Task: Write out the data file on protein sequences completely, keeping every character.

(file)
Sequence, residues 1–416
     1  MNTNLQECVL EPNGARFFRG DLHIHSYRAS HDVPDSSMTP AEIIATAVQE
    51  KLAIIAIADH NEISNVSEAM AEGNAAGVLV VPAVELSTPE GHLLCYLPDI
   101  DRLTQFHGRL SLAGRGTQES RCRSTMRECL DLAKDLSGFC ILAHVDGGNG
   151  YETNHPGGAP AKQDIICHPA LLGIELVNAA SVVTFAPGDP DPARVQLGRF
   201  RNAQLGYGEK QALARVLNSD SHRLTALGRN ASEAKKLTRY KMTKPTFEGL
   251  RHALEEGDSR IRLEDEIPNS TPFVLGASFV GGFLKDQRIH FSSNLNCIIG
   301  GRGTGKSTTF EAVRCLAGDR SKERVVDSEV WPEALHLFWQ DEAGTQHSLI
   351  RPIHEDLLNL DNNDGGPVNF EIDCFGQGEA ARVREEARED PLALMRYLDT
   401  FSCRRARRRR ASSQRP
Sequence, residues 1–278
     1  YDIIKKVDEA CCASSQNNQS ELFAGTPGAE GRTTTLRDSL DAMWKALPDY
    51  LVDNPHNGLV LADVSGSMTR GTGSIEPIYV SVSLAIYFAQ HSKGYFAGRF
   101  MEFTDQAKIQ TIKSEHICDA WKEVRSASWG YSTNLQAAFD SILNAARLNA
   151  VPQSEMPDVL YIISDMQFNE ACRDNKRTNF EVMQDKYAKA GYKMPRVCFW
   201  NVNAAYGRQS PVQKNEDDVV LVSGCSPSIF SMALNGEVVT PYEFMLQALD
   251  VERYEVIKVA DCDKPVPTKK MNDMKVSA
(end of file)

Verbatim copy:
Sequence, residues 1–416
     1  MNTNLQECVL EPNGARFFRG DLHIHSYRAS HDVPDSSMTP AEIIATAVQE
    51  KLAIIAIADH NEISNVSEAM AEGNAAGVLV VPAVELSTPE GHLLCYLPDI
   101  DRLTQFHGRL SLAGRGTQES RCRSTMRECL DLAKDLSGFC ILAHVDGGNG
   151  YETNHPGGAP AKQDIICHPA LLGIELVNAA SVVTFAPGDP DPARVQLGRF
   201  RNAQLGYGEK QALARVLNSD SHRLTALGRN ASEAKKLTRY KMTKPTFEGL
   251  RHALEEGDSR IRLEDEIPNS TPFVLGASFV GGFLKDQRIH FSSNLNCIIG
   301  GRGTGKSTTF EAVRCLAGDR SKERVVDSEV WPEALHLFWQ DEAGTQHSLI
   351  RPIHEDLLNL DNNDGGPVNF EIDCFGQGEA ARVREEARED PLALMRYLDT
   401  FSCRRARRRR ASSQRP
Sequence, residues 1–278
     1  YDIIKKVDEA CCASSQNNQS ELFAGTPGAE GRTTTLRDSL DAMWKALPDY
    51  LVDNPHNGLV LADVSGSMTR GTGSIEPIYV SVSLAIYFAQ HSKGYFAGRF
   101  MEFTDQAKIQ TIKSEHICDA WKEVRSASWG YSTNLQAAFD SILNAARLNA
   151  VPQSEMPDVL YIISDMQFNE ACRDNKRTNF EVMQDKYAKA GYKMPRVCFW
   201  NVNAAYGRQS PVQKNEDDVV LVSGCSPSIF SMALNGEVVT PYEFMLQALD
   251  VERYEVIKVA DCDKPVPTKK MNDMKVSA